Standard Brownian motion, , is defined to be a real-valued process satisfying the following properties.
- is normally distributed with mean 0 and variance t–s independently of , for any .
- B has continuous sample paths.
As always, it only really matters is that these properties hold almost surely. Now, to apply the techniques of stochastic calculus, it is assumed that there is an underlying filtered probability space , which necessitates a further definition; a process B is a Brownian motion on a filtered probability space if in addition to the above properties it is also adapted, so that is -measurable, and is independent of for each . Note that the above condition that is independent of is not explicitly required, as it also follows from the independence from . According to these definitions, a process is a Brownian motion if and only if it is a Brownian motion with respect to its natural filtration.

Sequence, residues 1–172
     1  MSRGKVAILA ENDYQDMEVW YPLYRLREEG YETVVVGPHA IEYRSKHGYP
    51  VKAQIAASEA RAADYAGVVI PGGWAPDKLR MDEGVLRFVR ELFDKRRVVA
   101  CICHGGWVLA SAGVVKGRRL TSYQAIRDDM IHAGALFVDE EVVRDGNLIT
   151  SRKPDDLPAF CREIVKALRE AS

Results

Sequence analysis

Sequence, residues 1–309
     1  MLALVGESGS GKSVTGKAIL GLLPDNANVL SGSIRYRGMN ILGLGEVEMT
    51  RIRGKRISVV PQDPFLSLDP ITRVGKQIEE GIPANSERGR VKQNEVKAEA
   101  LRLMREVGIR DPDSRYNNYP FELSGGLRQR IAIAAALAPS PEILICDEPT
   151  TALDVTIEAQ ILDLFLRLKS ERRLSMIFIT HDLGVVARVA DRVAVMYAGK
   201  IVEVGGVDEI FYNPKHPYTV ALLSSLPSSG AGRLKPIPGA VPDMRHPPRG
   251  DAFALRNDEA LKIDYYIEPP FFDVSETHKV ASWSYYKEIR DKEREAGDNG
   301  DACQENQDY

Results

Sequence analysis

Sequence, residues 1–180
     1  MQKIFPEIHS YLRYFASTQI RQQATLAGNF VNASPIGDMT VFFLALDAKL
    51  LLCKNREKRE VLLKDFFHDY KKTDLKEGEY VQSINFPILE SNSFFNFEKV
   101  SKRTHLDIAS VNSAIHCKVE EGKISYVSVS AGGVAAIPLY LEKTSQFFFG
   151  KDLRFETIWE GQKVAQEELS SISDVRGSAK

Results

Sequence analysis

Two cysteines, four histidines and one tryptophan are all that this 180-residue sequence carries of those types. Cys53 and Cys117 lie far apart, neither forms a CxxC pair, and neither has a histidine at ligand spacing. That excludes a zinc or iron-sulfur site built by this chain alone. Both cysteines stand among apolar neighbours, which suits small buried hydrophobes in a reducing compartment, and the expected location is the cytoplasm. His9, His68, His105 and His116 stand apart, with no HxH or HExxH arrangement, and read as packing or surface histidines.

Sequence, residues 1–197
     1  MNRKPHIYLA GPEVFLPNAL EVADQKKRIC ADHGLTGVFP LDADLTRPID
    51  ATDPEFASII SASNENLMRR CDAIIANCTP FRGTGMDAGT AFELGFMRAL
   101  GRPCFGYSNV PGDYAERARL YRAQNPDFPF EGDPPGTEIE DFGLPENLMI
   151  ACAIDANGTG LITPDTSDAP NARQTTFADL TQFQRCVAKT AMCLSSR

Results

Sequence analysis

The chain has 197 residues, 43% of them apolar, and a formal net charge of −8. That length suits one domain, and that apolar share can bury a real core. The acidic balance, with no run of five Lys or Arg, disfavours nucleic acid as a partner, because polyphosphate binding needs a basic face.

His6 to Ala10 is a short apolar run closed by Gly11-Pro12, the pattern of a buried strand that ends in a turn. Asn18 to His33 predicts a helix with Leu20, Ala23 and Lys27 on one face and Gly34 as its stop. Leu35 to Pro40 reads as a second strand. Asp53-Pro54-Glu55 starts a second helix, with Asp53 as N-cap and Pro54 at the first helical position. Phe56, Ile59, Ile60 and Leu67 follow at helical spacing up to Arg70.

The property that has zero mean independently of means that Brownian motion is a martingale. Furthermore, we previously calculated its quadratic variation as . An incredibly useful result is that the converse statement holds. That is, Brownian motion is the only local martingale with this quadratic variation. This is known as Lévy’s characterization, and shows that Brownian motion is a particularly general stochastic process, justifying its ubiquitous influence on the study of continuous-time stochastic processes.
- X is standard Brownian motion on the underlying filtered probability space.
- X is continuous and is a local martingale.
- X has quadratic variation .